The Sea Lions of Pier 39 are a big tourist draw. Once the sea lions numbered in the hundreds but recently their numbers have dwindled down significantly and no one knows why.
During our last trip to SF, we walked around Pier 39 and checked out the animals. There were a handful clustered together as well as a loner sitting by himself.
Pier 39 is a great place to load up your camera with some very nice pictures. You get some great views over the Bay, the Golden Gate Bridge, the Bay Bridge, Alcatraz, Angel Island, Coit Tower and the San Francisco skyline, not to mention the sea lions.
You can buy a sourdough bowl of delicious clam chowder or enjoy an ice cream while sitting on the pier and listening to the sea lions bark.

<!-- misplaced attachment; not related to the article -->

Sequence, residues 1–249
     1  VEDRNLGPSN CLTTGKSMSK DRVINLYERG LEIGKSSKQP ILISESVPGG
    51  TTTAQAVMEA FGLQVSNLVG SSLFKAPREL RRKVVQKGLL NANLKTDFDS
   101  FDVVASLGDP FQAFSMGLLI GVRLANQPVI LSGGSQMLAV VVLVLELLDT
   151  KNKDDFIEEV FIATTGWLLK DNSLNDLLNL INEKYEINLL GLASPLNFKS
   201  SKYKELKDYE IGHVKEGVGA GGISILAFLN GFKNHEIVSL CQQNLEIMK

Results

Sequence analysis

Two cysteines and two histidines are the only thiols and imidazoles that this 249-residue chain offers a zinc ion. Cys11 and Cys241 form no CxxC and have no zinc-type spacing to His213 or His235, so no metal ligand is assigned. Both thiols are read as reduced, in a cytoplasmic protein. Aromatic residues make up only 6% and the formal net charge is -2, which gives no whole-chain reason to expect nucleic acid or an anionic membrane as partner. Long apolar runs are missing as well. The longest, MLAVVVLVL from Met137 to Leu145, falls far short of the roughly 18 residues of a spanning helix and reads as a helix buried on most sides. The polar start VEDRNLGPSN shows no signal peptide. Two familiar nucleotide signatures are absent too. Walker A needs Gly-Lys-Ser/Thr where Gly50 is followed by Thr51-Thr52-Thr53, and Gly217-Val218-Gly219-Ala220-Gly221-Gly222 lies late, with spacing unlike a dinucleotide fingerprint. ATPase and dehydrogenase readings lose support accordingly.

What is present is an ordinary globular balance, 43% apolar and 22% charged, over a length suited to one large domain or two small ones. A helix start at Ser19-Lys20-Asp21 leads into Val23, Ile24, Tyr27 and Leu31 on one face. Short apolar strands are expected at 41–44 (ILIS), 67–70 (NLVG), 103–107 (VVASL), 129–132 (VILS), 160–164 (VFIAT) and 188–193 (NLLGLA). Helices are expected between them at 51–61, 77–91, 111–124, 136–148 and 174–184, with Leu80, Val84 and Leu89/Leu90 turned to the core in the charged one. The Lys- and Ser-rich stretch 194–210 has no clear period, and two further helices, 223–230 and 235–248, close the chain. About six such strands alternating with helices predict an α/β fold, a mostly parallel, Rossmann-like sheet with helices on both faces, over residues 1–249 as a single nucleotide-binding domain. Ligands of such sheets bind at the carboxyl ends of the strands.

Take the Powell-Mason cable car to the end of the line at Taylor St. then walk three blocks down and to your right. It's about a ten minute walk to the pier.
Refurbished in 1978 to resemble a wooden fishing village, this 1905 pier has over 100 shops & restaurants spread over two levels.
As well as its most famous attraction, the sea lions, it also has an aquarium & amusement arcades. Another highlight is the San Francisco Carousel, this hand painted carousel has 32 animals to ride.
I had expected Pier 39 to be a pretty special place, but nothing could have prepared me for this total mish-mash of shops, restaurants, amusements, and wildlife.
The huge Christmas Tree and topiary reindeer at the entrance was just a suggestion of things to come. As I walked along the pier the attractively painted shops became more unusual, the restaurants (just starting to open for the day) beckoned with the wafting scents of garlic and seafood, and people jostled in the icy cold December morning to feast their eyes on this delightful spectacle.